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Eckhart Tolle recounts a wonderful fable in the introduction to The Power of Now.
A beggar had been sitting by the side of a road for over thirty years. One day a stranger walked by. “Spare some change?” mumbled the beggar, mechanically holding out his old baseball cap.
“I have nothing to give you,” said the stranger. Then he asked: “What’s that you are sitting on?” “Nothing,” replied the beggar. “Just an old box. I have been sitting on it for as long as I can remember.”
“Ever looked inside?” asked the stranger. “No,” said the beggar. “What’s the point? There’s nothing in there.”
“Have a look inside,” insisted the stranger. The beggar managed to pry open the lid. With astonishment he saw that the box was filled with precious jewels.
Eckhart goes on to say: I am that stranger who has nothing to give you and is telling you to look inside. Not inside any box, as in the parable, but somewhere even closer: inside yourself.
“But I am not a beggar,” I can hear you say.
Those who have not found their true wealth, which is the radiant joy of Being and the deep, unshakable peace that comes with it, are beggars, even if they have great material wealth. They are looking outside for scraps of pleasure or fulfillment, for validation, security, or love, while they have a treasure within that not only includes all those things but is infinitely greater than anything the world can offer.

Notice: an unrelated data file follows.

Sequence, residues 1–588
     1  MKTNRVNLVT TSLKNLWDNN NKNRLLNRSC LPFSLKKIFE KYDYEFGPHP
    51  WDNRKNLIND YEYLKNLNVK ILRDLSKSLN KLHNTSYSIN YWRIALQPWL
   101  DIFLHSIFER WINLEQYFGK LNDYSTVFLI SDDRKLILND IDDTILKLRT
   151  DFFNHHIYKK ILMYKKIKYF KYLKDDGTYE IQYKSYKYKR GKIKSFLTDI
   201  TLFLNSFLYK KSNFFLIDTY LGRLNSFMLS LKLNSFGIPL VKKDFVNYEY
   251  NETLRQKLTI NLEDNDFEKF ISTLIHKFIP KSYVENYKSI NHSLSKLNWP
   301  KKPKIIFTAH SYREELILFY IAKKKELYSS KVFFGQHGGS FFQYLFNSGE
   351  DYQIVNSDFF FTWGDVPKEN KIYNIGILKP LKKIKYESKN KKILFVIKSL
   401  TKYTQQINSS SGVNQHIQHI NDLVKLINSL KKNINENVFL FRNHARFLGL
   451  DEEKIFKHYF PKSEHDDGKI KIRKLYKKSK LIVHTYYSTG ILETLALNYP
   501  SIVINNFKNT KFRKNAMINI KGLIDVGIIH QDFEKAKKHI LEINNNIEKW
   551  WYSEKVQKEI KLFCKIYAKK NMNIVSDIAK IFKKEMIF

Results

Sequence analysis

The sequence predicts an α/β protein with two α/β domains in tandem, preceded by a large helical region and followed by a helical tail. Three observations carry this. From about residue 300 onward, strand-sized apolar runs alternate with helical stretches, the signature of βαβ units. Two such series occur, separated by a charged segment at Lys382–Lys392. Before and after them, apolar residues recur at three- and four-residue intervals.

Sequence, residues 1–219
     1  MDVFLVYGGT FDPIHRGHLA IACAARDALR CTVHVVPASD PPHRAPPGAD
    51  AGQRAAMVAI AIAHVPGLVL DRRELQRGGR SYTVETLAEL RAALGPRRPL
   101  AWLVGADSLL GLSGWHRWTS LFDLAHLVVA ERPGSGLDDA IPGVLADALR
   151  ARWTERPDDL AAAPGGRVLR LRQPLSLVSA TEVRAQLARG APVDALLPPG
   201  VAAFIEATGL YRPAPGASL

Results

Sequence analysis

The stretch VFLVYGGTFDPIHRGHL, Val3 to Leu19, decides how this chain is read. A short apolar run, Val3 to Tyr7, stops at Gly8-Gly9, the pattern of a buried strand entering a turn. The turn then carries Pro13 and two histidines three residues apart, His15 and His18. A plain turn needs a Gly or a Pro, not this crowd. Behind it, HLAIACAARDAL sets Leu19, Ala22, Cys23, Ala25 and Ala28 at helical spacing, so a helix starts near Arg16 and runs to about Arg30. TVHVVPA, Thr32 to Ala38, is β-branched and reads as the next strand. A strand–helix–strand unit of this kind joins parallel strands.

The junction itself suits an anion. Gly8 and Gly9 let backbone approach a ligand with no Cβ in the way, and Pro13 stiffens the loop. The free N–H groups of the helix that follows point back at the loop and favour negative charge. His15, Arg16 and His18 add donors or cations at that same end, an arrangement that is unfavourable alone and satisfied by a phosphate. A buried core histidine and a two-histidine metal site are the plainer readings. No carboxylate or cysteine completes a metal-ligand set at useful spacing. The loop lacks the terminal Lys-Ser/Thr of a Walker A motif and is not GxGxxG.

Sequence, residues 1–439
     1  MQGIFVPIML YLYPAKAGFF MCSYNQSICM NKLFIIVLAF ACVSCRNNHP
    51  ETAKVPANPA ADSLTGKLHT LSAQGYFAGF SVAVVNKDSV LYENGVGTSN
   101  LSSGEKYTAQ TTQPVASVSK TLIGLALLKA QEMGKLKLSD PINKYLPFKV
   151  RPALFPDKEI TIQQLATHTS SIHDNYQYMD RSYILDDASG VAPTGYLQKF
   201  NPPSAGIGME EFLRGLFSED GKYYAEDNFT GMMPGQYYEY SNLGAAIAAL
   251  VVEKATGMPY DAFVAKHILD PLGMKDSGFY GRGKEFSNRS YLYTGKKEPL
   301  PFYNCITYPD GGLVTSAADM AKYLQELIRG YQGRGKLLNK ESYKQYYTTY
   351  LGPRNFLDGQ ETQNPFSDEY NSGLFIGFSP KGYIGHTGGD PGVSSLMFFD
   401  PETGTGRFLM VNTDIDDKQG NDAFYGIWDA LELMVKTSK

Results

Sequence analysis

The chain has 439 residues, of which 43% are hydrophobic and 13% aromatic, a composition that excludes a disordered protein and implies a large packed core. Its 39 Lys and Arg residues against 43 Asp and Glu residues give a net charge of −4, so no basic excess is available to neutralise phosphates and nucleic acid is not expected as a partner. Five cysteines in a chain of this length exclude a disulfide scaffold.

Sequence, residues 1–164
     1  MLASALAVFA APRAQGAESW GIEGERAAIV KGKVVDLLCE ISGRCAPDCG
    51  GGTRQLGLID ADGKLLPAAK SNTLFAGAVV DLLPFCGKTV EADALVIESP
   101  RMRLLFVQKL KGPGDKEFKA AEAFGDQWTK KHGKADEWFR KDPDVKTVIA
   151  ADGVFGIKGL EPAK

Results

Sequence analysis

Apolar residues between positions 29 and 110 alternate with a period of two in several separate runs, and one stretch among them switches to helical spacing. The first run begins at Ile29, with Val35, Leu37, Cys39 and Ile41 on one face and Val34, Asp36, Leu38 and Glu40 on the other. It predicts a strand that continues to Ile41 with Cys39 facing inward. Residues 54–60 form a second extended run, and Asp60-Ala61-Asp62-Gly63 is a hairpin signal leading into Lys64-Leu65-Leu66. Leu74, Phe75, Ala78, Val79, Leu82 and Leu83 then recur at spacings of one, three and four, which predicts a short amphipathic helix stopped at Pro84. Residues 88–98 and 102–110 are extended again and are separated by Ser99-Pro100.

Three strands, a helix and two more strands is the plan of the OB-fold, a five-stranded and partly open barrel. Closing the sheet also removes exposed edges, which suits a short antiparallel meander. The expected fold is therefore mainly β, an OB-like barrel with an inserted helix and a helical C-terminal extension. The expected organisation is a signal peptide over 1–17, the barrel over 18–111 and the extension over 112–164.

Tolle’s poignant prologue epitomizes the distinction A Course in Miracles makes between the body and the mind. Identifying as a name and body, believing the world has the ability to bring us joy and pain, we will never find true peace. Beggars rummaging for meager scraps of solace.
But when we return awareness to the mind, we experience the astonishment of Tolle’s vagabond, meeting with what the Course describes as:
A treasure so great that everything the world contains is valueless before its magnitude (W-pI.166.5).
Learning how to shift attention from body to mind is the most enriching activity in which we might engage.
Join me in Thursday’s class where we’ll explore the seemingly trifling “box” we’ve been sitting on for as long as we can remember. And we’ll dig into practices for discovering the everlasting riches within. I look forward to seeing you then.